the lodging establishment … [at or near the guest registration desk].” 48 P.S. §1311(e). That conditional right should apply as against a prospective camper, a camper, a camper’s guest, or
other invitee or licensee. That condition to ejectment is also a condition to the Owner’s rights under Chapter 13. “[Chapter 13] shall not apply to … [an Owner] unless [the Owner] posts a
copy of [Chapter 13] at or near the guest registration desk.” 48 P.S. §1311(f). The Owner must post Chapter 13 to benefit from it.

Many provisions of the Act give the Owner a defense to claims for liability regarding damage or loss of tangible personal property of the camper. If the Owner posts in a conspicuous
place a notice requiring the camper to (a) secure the Campground-owned lodging (“Lodging”) occupied by the camper or the camper’s possessions, and (b) on leaving that Lodging, to secure it and deposit the key with the Owner or the clerk at the office, then the Owner “shall not be liable
for any baggage or personal property of the guest or boarder which may be stolen from the….[Lodging] if the guest or boarder shall neglect to do so.” 48 P.S. §1321. To avoid liability, the Owner must prove, however, that the guest or boarder left the Lodging unbolted or unlocked at the time of the loss of baggage.

Further, the Owner is not liable for loss or damage suffered by a guest unless the Owner “fails to constantly maintain any of the following: …[s]uitable locks, bolts and fastenings on the
doors, transoms and windows of the sleeping rooms used by guests…” 48 P.S. §1323. An ambiguity in drafting the Act raises the question whether the Owner must post a copy of 48 P.S.
§1323 printed in distinct type in not fewer than 10 conspicuous places. The ambiguity exists because the conditional exculpation from liability is stated as to the Owner but the posting is “at the hotel or inn,” without reference to the Campground.

Despite the protections of §1323 above, the Owner can be liable for the value of a camper’s property held by the Owner under a written agreement in a safe or vault if the loss or
damage is caused by theft or negligence of the Owner. 48 P.S. §1324. Except as provided in §§1323 and 1324, the liability of an Owner for property damage suffered by a camper shall be as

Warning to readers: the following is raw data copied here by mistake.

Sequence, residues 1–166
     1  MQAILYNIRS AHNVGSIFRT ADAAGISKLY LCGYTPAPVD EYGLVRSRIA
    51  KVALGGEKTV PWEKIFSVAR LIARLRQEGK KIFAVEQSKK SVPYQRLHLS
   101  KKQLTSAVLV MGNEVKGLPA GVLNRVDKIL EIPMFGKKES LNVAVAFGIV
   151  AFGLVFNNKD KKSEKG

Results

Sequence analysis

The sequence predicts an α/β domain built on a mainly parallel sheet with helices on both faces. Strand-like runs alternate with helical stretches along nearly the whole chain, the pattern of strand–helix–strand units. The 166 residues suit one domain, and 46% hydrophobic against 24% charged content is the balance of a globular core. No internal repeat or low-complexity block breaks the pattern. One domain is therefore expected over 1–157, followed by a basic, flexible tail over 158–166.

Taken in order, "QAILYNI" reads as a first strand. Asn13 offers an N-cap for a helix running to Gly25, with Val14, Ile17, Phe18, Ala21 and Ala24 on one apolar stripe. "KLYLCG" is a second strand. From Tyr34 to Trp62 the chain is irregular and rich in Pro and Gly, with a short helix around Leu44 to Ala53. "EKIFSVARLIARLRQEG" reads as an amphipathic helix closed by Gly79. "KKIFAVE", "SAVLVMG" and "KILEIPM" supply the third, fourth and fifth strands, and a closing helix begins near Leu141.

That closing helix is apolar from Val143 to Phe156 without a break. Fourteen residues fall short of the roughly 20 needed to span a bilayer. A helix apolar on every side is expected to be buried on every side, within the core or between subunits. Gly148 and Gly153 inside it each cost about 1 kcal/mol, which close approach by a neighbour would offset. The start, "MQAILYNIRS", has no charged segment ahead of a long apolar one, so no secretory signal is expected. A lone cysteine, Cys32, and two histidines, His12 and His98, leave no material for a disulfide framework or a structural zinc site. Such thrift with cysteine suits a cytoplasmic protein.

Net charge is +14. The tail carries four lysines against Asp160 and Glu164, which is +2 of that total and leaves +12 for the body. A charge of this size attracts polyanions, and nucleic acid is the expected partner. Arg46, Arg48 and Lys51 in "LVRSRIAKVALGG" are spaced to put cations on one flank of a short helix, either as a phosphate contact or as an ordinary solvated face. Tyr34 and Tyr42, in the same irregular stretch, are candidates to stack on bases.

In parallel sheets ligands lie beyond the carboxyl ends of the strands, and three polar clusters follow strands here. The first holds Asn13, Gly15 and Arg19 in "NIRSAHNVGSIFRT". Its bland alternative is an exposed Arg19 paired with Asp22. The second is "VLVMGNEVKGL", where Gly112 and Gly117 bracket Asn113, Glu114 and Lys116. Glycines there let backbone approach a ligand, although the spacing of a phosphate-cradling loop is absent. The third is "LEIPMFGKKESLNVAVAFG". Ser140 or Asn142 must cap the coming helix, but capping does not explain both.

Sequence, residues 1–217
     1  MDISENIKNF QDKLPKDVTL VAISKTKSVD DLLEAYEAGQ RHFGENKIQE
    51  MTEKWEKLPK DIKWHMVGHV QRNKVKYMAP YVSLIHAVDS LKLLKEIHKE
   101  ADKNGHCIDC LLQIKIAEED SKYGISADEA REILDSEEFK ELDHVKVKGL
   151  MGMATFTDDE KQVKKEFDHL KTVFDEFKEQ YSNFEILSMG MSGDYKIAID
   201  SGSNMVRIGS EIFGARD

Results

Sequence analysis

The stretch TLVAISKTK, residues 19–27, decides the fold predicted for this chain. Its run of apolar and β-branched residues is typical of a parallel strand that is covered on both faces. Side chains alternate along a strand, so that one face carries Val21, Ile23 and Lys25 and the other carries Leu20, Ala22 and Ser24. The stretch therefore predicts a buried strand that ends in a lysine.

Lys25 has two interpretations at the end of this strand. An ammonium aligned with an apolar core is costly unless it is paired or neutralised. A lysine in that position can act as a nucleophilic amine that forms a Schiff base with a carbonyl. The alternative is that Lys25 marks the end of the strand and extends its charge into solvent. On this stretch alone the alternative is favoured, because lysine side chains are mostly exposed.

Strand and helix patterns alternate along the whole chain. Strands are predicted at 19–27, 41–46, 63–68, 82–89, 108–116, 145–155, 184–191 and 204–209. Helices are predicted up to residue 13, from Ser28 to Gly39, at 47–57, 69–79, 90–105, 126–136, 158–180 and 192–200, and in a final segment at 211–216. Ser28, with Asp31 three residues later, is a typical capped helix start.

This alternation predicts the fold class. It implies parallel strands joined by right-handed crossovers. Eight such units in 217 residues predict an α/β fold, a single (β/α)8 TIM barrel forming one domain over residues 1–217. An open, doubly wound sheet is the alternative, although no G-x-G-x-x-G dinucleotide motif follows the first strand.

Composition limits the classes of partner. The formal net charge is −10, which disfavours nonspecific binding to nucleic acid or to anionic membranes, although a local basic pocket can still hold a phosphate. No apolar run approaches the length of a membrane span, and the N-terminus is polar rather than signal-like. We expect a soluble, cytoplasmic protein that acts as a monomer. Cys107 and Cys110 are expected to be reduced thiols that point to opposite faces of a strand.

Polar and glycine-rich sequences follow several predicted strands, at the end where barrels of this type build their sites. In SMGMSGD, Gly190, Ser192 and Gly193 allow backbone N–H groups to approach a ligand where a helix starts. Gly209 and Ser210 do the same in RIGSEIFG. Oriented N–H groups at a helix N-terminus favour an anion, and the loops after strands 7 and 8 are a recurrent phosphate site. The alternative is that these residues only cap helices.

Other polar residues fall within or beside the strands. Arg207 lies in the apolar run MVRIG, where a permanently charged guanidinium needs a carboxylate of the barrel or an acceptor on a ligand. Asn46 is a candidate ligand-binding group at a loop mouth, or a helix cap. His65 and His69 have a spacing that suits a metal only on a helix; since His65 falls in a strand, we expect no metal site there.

a depository for hire. The Owner will not be liable if the loss or damage occurs in a fire “not intentionally produced by the …. [Owner].” 48 P.S. §1324(b). The limits of an Owner’s liability
are (a) $50 for each valise and its contents, (b) $150 for each trunk and its contents, (c) $10 for each box, bundle or package and its contents, and (f) $50 for all other miscellaneous property. An Owner can consent in writing to assume a greater liability under 48 P.S.§1326(c), but has no legal incentive to do so. Further, an Owner may hold baggage or property of a non-camper at the risk of that other person if (1) that other persons sends the personal property to the Campground before becoming guest or (2) that other person leaves the property at the Campground after ceasing to be a camper.

The camper’s personal property is exempt from levy and sale on distress for rent while in the exclusive possession of the camper in the Lodging. 48 P.S.§1327. But the Owner has a lien
on all baggage and other property of the camper at the Lodging and in control of the camper for charges of accommodations, and all money paid for or advanced to the camper (“Lien Amount”). The Owner may detain all such liened property of the camper until the Lien Amount is satisfied. Such property is exempt from attachment or execution of third parties until the Owner is paid the
Lien Amount and costs of satisfying the lien. 48 P.S.§1328(d). The Owner must retain the liened property for 30 days after which it may be sold at public auction if the Lien Amount is not satisfied. 48 P.S.§1329. Any residue left from the sale must be (a) paid to the camper within 6 months of the sale and (b) deposited with the Treasurer of the county in which the Campgrounds is located, together with the Owner’s claim, costs of enforcing the claim, the public notice of sale and report of amounts received from the auction.

A camper must claim abandoned property left at the Campgrounds within 10 days of the end of the camper’s stay or seasonal agreement. The Owner must disclose to campers in signed waivers the abandoned property policy of the Campground. If the camper claims that property within such 10 days, the Owner must hold the property for another 10 days. If the former camper does not collect the abandoned property within that second 10 days, the Owner may keep or
dispose of it. 48 P.S.§1331.

Other than properly conducting a public sale, holding such abandoned property, disclosing such abandoned property policy, posting a copy of Chapter 13 and, perhaps, posting a
copy of 48 P.S. §1323 in conspicuous print, the Owner has few affirmative duties under Act 33. One such duty is to observe safety in venting heaters. For all cabins or trailers heated by stoves, gas burners or other heating devices, excluding electrical appliances, radiators and electric water heaters, the Owner “shall install adequate chimneys or other vents or outlets for escape of carbon monoxide gas and other harmful or injurious gases generated by the heating devices.” 48 P.S.
§1351(a). That safety requirement is analogous to duties of safety owed by hoteliers to guests.

Sen. Mario M. Scavello (R-40) sponsored SB 863 which became Act 33. It was signed in the Senate and the House on May 27, 2020 and, on May 28, 2020, was presented to the Governor. Governor Wolf approved the Act on June 5, 2020 and it will become effective 60 days thereafter, still within the 2020 camping season. The Act dramatically changes the legal
relationship of Owners and campers. It is uncertain whether the Act will change the terms of seasonal agreements written by reference to the LTA or whether State Police and local
enforcement officers will be trained to evict disorderly campers in assistance to Owners. According to Sen. Scavello, “Now [Owners] can operate much safer without abusive campers… [and] campers know they will have a quiet enjoyable time [at Campgrounds].”

© 2020 Robert J. Hobaugh, Jr.

Robert J. Hobaugh, Jr.